Zuhdi Jasser, a Muslim who staunchly supports democracy, spoke at a StandWithUs luncheon about the importance of combatting the ideology of radical Islam.
Zuhdi Jasser, 46, was amazed to hear his pro-democracy views become the target of a verbal attack in front of his family by the imam of the Phoenix mosque he attends.
As the American-born son of Syrian refugees from that country's dictatorial Baathist regime, Jasser has made a name from himself as a devout Muslim and avid supporter of democracy, helping to found the American Islamic Forum for Democracy in the wake of the 9/11 attacks.
Speaking to about 25 guests at a StandWithUs luncheon on Dec. 10 at the Duane Morris law offices in Center City, Jasser explained how an August interview on Fox News, during which he slammed Islamic leaders such as fellow guest Imam Muhammad Siddeeq of the Nur-Allah Islamic Center in Indianapolis, Ind., for their failure to speak out against terrorist groups like ISIS and Hamas, became the topic of a scathing rant by the imam of Jasser’s own mosque.
“The imam called out against me just two months ago in the largest sermon of our annual services at the end of Ramadan,” said Jasser, who also spoke to an audience of 120 at Penn Valley’s Har Zion Temple the evening before the luncheon. “The sermon went from being about Islamophobia and about Ramadan to being about ‘a Muslim amongst us who is not one of us.’ ”
Jasser added that the imam called him a hater of Islam and “compared me to the hypocrites in the Koran, which basically is apostating me.”
The Medical College of Wisconsin graduate and former U.S. Navy Lieutenant Commander’s pro-Israel views and efforts to decry the Islamic nation-state have made him a minority voice in the Islamic world.
“This is a world where radicals are keen on eliminating any kind of dissenting voice,” said Joseph Puder, executive director of Philadelphia’s chapter of StandWithUs, a national Israel advocacy group. “So he’s got a lot of courage and what he says is very important.”
Jasser is the second pro-Israel Muslim guest speaker that the regional StandWithUs branch has hosted since forming about a year ago. Kasim Hafeez — a former Islamic radical who said he once considered becoming a suicide bomber before later adopting a pro-Israel stance — spoke on Sept. 7 at Temple Beth Hillel-Beth El in Wynnewood.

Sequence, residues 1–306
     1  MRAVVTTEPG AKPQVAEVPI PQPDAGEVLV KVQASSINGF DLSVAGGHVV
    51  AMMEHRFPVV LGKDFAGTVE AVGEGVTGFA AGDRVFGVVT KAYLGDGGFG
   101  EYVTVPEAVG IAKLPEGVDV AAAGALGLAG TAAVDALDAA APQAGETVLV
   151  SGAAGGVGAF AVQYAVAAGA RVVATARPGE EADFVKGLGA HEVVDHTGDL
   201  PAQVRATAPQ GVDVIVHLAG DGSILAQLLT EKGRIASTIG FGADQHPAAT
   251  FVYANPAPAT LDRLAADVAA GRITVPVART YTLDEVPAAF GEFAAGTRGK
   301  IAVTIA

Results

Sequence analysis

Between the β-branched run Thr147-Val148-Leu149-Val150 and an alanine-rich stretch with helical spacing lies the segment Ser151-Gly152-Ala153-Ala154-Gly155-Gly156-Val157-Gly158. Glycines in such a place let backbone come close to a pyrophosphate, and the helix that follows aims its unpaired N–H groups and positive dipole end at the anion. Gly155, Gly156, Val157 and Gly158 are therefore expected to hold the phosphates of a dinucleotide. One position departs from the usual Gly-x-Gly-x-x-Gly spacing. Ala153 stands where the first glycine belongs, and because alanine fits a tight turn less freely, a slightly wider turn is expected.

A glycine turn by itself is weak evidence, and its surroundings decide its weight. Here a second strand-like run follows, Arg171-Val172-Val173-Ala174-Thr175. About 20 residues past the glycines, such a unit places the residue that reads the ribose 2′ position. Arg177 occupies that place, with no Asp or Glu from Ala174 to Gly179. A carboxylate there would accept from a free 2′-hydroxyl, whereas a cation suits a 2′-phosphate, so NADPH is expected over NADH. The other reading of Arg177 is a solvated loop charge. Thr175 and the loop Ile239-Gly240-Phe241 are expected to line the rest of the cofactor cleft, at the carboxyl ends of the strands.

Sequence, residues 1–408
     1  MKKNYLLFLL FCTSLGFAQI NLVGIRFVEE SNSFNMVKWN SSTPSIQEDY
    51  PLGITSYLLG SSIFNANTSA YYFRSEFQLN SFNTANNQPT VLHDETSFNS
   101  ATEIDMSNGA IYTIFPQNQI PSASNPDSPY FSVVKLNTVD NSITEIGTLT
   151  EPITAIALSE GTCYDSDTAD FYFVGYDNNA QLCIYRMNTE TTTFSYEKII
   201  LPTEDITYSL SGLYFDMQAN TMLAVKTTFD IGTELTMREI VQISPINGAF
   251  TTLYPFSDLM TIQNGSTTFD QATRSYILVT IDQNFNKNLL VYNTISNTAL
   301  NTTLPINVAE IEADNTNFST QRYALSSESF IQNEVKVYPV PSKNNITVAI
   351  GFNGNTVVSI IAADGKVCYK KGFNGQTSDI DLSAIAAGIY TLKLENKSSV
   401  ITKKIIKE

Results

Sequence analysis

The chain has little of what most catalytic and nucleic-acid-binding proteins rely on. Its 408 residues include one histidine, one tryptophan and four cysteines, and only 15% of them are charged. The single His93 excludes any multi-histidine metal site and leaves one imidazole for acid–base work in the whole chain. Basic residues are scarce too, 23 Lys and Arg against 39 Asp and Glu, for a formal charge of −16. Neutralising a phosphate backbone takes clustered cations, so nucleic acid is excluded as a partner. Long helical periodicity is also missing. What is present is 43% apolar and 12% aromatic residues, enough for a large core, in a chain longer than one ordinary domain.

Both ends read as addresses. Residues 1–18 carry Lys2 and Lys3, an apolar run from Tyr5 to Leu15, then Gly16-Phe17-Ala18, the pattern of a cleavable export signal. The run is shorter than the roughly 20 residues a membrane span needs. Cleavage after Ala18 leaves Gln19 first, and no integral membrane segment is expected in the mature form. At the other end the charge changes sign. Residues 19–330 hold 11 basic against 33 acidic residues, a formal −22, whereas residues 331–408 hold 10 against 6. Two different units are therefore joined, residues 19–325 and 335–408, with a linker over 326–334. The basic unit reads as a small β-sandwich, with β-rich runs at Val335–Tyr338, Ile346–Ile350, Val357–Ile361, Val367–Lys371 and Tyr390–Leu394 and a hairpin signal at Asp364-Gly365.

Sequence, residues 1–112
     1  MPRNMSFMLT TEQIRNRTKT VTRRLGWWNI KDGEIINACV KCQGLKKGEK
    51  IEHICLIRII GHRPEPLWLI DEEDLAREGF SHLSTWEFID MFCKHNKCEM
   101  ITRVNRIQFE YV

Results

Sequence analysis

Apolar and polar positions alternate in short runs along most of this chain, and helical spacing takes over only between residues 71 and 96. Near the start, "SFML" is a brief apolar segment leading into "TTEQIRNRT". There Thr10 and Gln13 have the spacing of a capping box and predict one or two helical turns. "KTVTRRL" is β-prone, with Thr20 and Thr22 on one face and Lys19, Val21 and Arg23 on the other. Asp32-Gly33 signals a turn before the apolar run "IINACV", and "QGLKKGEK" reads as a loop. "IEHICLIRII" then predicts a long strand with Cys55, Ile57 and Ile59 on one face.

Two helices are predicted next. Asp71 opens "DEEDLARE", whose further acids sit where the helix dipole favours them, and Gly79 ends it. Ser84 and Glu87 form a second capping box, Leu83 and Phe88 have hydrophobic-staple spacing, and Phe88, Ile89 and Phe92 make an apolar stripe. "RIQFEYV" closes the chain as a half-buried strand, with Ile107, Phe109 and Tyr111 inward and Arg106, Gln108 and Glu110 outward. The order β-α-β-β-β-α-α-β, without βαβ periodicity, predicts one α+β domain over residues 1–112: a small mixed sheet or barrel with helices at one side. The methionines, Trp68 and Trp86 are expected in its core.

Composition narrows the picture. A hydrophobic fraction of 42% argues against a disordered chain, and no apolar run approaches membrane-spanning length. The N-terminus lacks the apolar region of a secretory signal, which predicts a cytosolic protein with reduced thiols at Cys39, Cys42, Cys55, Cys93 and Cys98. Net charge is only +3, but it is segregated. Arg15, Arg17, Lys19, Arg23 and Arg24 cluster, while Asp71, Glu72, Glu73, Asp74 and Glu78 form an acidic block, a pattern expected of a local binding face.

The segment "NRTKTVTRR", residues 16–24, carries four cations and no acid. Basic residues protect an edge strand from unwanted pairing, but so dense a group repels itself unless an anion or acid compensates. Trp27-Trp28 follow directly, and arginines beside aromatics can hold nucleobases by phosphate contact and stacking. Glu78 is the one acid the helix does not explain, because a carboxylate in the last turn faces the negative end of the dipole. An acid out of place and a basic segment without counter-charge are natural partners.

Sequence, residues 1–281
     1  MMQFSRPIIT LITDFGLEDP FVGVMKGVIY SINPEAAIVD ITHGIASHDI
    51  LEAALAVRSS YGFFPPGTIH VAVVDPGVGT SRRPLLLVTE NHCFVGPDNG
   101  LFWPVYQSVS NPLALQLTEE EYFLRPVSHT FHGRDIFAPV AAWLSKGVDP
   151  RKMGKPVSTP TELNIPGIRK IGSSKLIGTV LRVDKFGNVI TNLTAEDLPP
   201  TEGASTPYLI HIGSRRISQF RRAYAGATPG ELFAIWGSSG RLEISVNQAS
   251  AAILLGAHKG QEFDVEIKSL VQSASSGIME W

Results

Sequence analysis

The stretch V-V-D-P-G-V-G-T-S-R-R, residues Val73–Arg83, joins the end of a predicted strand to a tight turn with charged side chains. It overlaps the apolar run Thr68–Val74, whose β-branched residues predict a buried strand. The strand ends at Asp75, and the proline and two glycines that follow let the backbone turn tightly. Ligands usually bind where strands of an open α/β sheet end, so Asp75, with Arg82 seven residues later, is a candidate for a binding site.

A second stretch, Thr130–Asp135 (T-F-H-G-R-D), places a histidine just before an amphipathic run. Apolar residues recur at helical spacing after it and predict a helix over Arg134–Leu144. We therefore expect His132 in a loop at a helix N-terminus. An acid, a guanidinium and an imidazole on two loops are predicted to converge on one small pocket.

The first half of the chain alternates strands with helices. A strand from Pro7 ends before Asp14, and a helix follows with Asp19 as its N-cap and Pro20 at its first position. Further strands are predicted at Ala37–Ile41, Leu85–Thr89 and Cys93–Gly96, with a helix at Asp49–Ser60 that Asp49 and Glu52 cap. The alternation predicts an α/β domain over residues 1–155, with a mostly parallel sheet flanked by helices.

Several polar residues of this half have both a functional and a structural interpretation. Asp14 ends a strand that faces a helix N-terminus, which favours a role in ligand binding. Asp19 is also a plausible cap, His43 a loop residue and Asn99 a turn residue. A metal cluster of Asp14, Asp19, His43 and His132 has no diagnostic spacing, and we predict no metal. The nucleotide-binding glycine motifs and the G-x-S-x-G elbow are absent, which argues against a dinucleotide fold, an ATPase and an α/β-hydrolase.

“A guy like Zuhdi understands our mission, which is to promote Israel,” said Puder, adding that he also hopes to bring in Sherkoh Abbas, president of the Kurdistan National Assembly of Syria, for a StandWithUs talk in the near future. “In his own way, even though he talks about his own work and his battle within the Islamic community, he essentially promotes Israel.”
He continued, “It’s important for people to know that it’s not just Jews and Zionist Christians that support Israel, but also Muslims — moderate Muslims — that really want to see a better world.”
Jasser explained that a visit to Israel in his youth helped him forge his current backing of the Jewish homeland, which at the time surprised him with its normalcy. He certainly didn’t hold back any punches while sharing his current opinion of the United Nations’ relations with Israel in regards to the Middle East conflict.
“It is absurd that the U.N. spends so much time on Israel when it’s like England, it’s like America,” Jasser said. “The Palestinian question is a problem because of the Palestinian leadership — the warmongering Hamas, which is sending rockets and starts a war and then expects nothing to happen in response.”
During his speech, Jasser outlined his belief that the only solution to the threat of radical Islam posed by groups like Hamas is to combat the issue on an ideological level. He equated extremist Islamic views to an illness.
You can’t treat “terrorism or violence, that’s one little symptom — you treat the cancer, which is the identification of Muslims with the nation-state through faith,” he said.
The speaker, who cited American revolutionaries Thomas Jefferson and Thomas Paine as his personal heroes, explained that he is attempting to change the way American Muslims view America, Israel and the principles of democracy.
But that change has come slowly, he asserted. For example, athough he is able to visit and lecture at some mosques, he is kept away from children — the very audience, he argued, that really needs to learn about the importance of Western governance.
“The bigger threat is the quiet majority" of American Muslims "that hates America, that doesn’t feel a bond to this country, would be horrified if their kids became military officers, and don’t feel an affinity for America,” Jasser said. “The only way to fix that is the antiseptic of sunlight, to start asking them these questions. The problems all over the world are only going to go away when we teach them why interfaith cooperation needs to work.”